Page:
“The assessee is an individual. He retired from IOCL. His income consists of income by way of salary, from house property and other sources. He inherited 50% share in a residential house in E-2/13, Vasant Vihar, Delhi in 2003 from his father. This was in July 1968. The other half share was inherited by his brother. In the year which ended on 31.03.2008, both the brothers jointly sold the property which gave rise to proportionate Capital gains in the assessee’s hands. In computing the Capital gains, the assessee claimed deduction under Section 54F on the ground that the sale proceeds were invested in the acquisition of a vacant plot for Rs. 31,25,100/- and the purchase of a residential house for Rs. 34,35,700/- in the name of his wife.

The assessing officer while completing the assessment, took the view that under Section 54F, the investment in the residential house should be made in the assessee’s name and in as much as the residential house was purchased by the assessee in the name of his wife, the deduction was not allowable. He reduced the deduction and computed the Capital gains accordingly.

The Hon’ble Delhi High Court while allowing the exemption claim of the assessee has observed as under:

“It thus appears to us that the predominant judicial view, including that of this Court, is that for the purposes of Section 54F, the new residential house need not be purchased by the assessee in his own name nor is it necessary that it should be purchased exclusively in his name. It is moreover to be noted that the assessee in the present case has not purchased the new house in the name of a stranger or somebody who is unconnected with him. He has purchased it only in the name of his wife. There is also no dispute that the entire investment has come out of the sale proceeds and that there was no contribution from the assessee’s wife.

Having regard to the rule of purposive construction and the object which Section 54F seeks to achieve and respectfully agreeing with the judgment of this Court, we answer the substantial question of law framed by us in the affirmative, in favour of the assessee and against the revenue.”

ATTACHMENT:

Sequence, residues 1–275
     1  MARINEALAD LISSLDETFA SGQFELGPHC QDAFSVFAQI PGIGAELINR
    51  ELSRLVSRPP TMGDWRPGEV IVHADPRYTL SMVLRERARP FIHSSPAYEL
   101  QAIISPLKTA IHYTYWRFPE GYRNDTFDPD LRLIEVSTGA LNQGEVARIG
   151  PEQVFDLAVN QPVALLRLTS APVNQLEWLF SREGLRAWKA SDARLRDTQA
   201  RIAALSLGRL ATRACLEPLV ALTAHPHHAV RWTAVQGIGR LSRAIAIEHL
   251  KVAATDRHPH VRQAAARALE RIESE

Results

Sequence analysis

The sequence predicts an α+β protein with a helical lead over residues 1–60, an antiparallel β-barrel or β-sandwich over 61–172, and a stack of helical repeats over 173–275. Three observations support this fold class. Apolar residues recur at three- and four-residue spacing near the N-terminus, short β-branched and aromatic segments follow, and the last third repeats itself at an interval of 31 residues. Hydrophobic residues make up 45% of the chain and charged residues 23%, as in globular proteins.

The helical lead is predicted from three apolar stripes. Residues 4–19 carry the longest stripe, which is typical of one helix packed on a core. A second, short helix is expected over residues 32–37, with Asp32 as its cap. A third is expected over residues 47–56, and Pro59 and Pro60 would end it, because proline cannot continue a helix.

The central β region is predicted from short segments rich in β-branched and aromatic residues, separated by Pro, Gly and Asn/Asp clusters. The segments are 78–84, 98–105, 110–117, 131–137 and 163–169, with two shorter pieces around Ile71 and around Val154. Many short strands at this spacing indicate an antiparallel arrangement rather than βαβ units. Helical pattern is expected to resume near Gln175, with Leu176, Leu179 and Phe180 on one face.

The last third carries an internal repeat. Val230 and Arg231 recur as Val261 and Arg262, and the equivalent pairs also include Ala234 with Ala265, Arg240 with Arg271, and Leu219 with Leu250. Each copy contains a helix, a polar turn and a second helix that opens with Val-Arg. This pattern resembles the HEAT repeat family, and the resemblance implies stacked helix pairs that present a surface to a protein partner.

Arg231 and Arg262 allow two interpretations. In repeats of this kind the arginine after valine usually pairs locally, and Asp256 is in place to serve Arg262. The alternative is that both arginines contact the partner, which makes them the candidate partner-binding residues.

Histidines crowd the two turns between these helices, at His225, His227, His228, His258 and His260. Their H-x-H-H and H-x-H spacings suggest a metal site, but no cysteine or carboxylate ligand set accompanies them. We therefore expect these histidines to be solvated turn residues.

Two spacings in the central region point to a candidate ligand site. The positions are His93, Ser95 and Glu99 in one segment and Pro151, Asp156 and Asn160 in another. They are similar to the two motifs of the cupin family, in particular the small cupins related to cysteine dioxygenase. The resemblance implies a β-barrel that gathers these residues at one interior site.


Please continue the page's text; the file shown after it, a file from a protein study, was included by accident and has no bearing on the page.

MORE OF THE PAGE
E. Whether Incomplete Construction Of House Would Qualify For Exemption Under Section 54/54F

Where the assessee has invested amount of capital gain or sale consideration as the case may be in construction of a residential house and the construction of the house is not complete due to the reasons beyond the control of the assessee, the exemption under section 54/54F shall not be denied.

In the case of CIT v. Sambandam Udaykumar [2012] 345 ITR 389 (Karnataka), the assessee sold shares of a private limited company and a part of the sale consideration was invested in purchase of house property from a builder and the construction of the property was going on. The assessee claimed exemption under section 54F. During the course of the assessment proceedings the inquiries as to whether the construction was complete was carried out by the Revenue. In the inquiry report the photographs of the construction site were produced which showed the progress of the construction and the sworn statement of the Senior Marketing Executive of the Builder company disclosed that the construction was stopped at the time of making inquiries and the flooring work, electric work, fitting of door shutters and window shutters were pending. Due to the incomplete stage of construction of house the A.O. concluded that the construction of house was not complete even after the elapse of three years time from the date of transfer of the shares and denied the exemption under section 54F.